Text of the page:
XMM-NEWTON SATELLITE IMAGES
Artist's conception of the XMM-Newton satellite
This image is representative of what XMM-Newton looks like in orbit.
XMM-Newton gathering X-ray radiation
XMM-Newton's three parallel X-ray telescopes simultaneously scan the same area of the sky for cosmic sources. The mirrors only receive X-rays and do not act like giant flashlights illuminating the sky.
Besides the X-ray telescopes, one can see three more, smaller entrance windows. The one at the bottom right is the Optical Montior, a 30 cm optical/UV telescope observing the same part of the sky as the X-ray telescopes, and at the top two redundant star trackers are mounted.
XMM-Newton "over Africa"
Artist's impression of XMM-Newton over Africa, with a clear representation of several spacecraft components. This sketch provides a good outline of the different satellite components shown in photos of the real hardware.
The entrance windows of the three X-ray telescopes, with the aperture doors, are shown in green. Mounted parallel to these, in blue colour, are the Optical Monitor 30-cm telescope (front left) and the two star trackers (back). Behind these, one can see the X-ray baffle, which prevents radiation from the Earth and the Sun from entering the entrance apertures as stray light. Also on the top part of XMM-Newton, which is the so-called "service module", one can see the pairs of thrusters (red) and their tanks (yellow), which are used for maneuvering the spacecraft. To both sides of the service module, solar paddles with arrays of three collectors each are mounted. At the lower end of the dark-grey tube one sees the focal plane assembly, on just ontop of it, on the front side of the satellite's body, the outgassing device.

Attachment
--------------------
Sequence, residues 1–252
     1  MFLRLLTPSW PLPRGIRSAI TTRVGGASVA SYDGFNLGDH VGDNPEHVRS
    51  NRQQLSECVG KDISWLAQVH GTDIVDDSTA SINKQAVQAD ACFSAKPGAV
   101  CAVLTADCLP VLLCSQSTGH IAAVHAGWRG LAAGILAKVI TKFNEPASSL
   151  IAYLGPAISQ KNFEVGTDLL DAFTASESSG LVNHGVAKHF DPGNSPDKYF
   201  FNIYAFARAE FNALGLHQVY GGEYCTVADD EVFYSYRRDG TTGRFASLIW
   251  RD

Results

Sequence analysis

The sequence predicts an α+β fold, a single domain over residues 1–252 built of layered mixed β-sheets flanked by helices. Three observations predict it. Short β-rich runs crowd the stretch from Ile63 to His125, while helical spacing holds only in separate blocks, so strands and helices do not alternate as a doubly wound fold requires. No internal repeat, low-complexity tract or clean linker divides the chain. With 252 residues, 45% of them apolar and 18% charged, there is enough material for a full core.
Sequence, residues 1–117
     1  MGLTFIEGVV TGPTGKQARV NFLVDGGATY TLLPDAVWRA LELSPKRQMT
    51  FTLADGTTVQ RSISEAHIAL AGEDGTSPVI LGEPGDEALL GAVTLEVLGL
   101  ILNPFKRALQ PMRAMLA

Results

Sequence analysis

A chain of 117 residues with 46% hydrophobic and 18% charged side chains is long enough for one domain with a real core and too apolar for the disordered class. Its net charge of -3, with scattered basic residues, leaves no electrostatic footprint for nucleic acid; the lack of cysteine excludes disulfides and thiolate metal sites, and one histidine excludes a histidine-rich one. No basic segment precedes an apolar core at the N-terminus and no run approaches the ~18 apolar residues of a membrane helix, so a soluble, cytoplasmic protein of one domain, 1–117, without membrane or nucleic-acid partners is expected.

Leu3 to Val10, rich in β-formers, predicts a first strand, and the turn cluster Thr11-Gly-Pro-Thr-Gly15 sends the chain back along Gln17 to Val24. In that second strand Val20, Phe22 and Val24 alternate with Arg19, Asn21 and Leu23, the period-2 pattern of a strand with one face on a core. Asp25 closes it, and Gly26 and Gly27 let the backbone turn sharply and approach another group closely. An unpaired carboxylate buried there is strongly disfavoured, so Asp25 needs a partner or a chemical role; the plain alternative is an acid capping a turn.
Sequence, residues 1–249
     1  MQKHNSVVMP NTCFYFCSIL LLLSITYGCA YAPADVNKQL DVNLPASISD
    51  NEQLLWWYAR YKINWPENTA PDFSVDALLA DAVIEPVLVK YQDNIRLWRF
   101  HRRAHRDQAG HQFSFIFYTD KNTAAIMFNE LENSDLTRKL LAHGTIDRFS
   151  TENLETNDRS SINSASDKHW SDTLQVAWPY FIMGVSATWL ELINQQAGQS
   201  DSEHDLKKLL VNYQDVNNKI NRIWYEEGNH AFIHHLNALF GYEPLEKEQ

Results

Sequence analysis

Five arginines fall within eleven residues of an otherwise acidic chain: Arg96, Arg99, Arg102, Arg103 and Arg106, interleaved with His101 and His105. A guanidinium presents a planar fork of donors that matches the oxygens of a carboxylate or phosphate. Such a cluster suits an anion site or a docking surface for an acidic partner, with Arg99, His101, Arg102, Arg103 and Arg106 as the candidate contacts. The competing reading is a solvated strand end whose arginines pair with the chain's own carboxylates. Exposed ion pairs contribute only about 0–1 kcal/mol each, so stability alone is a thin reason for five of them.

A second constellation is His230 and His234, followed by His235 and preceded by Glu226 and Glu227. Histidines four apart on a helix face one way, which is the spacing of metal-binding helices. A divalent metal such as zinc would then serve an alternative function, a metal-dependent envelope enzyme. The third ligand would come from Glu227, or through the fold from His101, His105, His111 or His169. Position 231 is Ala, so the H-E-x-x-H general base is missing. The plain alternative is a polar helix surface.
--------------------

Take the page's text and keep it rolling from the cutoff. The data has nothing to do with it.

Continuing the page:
If you have any questions concerning XMM-Newton send e-mail to firstname.lastname@example.org